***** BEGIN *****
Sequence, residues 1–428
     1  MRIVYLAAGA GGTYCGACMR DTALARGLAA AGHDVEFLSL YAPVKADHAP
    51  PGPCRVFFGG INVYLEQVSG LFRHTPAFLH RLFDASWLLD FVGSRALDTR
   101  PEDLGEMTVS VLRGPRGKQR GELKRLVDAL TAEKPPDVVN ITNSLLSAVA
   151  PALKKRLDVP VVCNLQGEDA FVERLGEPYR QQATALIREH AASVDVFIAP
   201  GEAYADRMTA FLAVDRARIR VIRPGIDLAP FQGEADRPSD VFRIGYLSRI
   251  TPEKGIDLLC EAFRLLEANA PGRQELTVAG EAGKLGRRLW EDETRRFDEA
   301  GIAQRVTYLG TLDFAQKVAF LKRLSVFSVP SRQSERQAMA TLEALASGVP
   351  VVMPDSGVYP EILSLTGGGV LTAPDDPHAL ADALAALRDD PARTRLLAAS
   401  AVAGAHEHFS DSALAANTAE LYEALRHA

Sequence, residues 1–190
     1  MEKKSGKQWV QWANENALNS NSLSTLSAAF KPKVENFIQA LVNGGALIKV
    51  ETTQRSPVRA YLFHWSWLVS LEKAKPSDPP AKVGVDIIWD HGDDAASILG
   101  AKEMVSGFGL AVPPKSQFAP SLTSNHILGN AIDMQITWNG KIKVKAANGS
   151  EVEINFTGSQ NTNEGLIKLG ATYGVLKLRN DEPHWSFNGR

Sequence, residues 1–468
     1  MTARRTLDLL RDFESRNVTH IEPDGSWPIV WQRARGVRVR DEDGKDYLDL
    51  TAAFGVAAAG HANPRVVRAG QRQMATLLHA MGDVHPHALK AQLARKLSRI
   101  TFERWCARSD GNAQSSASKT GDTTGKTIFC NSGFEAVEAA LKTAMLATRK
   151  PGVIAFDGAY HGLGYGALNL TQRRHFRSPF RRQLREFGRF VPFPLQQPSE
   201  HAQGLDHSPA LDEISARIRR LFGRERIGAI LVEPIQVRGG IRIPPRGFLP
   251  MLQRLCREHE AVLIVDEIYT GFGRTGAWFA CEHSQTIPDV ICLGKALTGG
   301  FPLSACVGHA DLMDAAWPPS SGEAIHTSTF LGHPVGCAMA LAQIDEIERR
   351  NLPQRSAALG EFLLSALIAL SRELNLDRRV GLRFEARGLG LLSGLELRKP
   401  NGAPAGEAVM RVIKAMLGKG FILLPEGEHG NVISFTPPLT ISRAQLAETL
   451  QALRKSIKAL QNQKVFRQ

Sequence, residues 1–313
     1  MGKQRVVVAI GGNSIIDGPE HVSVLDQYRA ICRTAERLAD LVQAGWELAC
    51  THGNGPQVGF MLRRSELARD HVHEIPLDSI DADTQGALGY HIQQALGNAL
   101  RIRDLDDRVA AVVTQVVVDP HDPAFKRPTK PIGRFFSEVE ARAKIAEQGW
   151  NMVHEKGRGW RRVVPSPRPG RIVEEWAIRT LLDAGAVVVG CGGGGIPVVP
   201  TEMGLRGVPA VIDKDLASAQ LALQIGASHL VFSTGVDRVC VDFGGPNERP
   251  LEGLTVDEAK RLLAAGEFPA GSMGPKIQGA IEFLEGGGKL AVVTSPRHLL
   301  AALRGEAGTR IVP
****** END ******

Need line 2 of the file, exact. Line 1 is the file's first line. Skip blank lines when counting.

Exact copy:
     1  MRIVYLAAGA GGTYCGACMR DTALARGLAA AGHDVEFLSL YAPVKADHAP